13 Photographs are critical to a study on drilling technology. There is an excellent collection at Imperial Oil and Shell. Not to be outdone by the oil companies is the Glenbow, which concentrates on southern Alberta. All three collections are catalogued. However, the largest and most outstanding collection of photographs of vintage drilling (and production, pipeline, refining and processing) equipment up to the early 1960s is to be found in the Alberta Provincial Archives, now housed in a state-of-the-art facility on Edmonton’s south side. Finally, there are the photographs taken by the old-timers, which often capture the unusual, as well as images missed by the professional photographers.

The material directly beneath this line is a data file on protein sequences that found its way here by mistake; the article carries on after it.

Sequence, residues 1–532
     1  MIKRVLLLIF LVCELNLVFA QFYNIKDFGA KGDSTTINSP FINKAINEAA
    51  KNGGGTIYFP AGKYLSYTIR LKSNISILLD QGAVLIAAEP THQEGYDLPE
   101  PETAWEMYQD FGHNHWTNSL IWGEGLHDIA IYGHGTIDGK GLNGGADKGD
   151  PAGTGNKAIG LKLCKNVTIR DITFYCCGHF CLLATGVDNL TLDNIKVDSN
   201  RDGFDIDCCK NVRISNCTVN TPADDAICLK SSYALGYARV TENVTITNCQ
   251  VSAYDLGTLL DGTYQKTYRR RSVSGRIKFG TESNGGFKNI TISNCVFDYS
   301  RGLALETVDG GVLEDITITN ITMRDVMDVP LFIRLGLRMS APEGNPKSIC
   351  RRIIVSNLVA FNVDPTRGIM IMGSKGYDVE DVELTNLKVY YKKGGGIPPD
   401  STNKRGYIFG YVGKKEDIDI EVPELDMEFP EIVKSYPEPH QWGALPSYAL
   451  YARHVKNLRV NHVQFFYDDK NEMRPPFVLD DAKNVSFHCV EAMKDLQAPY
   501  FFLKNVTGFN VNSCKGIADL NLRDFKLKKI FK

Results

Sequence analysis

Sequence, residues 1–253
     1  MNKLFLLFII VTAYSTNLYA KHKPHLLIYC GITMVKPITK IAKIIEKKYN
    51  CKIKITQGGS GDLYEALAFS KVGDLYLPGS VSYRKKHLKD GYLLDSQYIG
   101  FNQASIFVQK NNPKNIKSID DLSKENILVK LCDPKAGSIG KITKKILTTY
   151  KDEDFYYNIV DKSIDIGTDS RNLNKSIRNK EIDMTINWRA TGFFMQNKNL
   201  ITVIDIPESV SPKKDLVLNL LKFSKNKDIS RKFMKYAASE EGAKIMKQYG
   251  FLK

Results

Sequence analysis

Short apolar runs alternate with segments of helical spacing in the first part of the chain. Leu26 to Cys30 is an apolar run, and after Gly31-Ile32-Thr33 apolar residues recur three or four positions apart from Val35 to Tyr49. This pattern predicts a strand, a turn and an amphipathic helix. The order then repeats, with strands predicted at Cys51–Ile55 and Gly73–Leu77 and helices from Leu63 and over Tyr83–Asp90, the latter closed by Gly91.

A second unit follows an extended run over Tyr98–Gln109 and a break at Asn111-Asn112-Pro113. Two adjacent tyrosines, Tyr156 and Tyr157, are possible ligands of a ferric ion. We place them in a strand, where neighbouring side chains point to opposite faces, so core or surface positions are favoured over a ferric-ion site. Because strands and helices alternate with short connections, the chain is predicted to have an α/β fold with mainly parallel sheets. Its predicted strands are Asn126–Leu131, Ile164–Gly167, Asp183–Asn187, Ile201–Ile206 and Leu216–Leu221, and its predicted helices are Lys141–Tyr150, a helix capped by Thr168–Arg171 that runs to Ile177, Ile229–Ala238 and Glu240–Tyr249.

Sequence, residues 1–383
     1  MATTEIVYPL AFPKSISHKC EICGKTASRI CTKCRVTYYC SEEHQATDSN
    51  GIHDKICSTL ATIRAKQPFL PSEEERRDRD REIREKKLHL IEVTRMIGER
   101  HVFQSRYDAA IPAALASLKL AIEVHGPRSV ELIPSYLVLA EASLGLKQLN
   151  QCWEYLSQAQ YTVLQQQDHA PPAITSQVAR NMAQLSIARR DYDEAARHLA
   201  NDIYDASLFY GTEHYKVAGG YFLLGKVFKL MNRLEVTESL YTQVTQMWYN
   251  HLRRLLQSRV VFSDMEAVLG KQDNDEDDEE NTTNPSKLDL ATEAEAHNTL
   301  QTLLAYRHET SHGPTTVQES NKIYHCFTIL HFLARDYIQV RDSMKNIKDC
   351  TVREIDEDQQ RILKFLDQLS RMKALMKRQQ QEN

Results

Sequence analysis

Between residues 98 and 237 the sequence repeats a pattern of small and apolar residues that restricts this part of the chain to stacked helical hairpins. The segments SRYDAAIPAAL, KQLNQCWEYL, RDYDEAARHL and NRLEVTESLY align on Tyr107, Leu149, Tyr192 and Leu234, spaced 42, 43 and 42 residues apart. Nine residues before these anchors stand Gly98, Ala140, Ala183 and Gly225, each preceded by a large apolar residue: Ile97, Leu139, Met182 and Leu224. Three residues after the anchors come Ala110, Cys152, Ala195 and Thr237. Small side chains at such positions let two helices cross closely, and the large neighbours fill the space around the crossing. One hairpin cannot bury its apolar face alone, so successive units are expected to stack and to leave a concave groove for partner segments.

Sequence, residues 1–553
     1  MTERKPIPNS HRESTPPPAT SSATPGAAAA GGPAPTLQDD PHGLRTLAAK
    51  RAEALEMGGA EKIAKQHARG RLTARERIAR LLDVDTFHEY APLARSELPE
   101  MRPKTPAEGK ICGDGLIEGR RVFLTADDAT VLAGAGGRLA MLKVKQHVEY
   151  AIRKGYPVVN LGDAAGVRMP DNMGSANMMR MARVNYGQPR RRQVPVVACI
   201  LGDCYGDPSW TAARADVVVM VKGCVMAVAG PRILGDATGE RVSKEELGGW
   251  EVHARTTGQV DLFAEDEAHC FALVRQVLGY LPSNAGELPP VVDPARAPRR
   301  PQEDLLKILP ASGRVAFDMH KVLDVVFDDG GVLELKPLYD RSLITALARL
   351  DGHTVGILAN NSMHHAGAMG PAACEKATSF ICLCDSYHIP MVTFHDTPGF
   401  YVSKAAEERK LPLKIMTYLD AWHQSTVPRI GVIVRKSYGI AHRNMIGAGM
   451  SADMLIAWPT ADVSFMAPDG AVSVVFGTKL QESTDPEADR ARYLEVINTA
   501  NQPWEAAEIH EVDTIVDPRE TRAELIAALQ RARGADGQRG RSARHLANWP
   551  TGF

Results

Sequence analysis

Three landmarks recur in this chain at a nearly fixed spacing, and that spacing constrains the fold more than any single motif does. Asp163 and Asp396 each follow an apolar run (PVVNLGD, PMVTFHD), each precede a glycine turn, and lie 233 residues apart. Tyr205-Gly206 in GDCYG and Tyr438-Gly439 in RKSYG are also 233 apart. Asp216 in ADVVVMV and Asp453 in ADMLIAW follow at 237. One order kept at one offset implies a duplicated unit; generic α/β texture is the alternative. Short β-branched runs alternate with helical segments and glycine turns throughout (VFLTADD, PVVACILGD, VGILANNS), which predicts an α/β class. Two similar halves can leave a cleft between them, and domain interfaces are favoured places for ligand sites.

14 Canada’s oil and gas drilling technology is an area that historians of technology have not investigated in depth, and although this writer has published a general work on the subject, there is still much research to be done on specific areas of drilling technology, particularly from the 1970s onward. Furthermore, the history of the technology behind petroleum production, as well as oil and gas pipe lines, refining and processing, are almost untouched. These aspects of the Canadian petroleum’s technology also beg for the researcher’s attention.